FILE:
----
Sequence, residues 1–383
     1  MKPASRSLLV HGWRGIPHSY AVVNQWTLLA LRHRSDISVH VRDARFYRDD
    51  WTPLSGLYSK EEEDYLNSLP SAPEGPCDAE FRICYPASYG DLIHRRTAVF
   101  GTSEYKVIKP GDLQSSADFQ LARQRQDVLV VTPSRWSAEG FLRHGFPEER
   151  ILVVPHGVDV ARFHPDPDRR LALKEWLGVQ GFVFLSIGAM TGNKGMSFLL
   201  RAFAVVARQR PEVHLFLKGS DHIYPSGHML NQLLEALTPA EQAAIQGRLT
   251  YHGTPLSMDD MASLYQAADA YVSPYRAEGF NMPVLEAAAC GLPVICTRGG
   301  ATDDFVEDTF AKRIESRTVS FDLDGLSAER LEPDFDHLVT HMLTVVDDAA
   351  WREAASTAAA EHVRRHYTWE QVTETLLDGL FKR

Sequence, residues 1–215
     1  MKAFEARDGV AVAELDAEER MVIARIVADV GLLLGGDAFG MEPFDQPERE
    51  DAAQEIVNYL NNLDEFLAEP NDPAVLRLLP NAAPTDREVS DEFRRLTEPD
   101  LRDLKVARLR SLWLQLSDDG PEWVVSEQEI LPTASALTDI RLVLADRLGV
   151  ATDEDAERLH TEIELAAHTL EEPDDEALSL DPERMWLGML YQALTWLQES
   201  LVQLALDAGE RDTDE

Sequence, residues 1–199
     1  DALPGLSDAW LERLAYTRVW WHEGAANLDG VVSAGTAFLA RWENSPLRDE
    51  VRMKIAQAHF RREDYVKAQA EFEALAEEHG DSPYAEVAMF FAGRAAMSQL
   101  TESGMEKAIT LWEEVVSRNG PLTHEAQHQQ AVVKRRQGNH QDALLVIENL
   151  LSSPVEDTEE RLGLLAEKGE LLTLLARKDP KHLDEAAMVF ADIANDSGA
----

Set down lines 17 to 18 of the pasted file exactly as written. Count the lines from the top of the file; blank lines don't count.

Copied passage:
     1  DALPGLSDAW LERLAYTRVW WHEGAANLDG VVSAGTAFLA RWENSPLRDE
    51  VRMKIAQAHF RREDYVKAQA EFEALAEEHG DSPYAEVAMF FAGRAAMSQL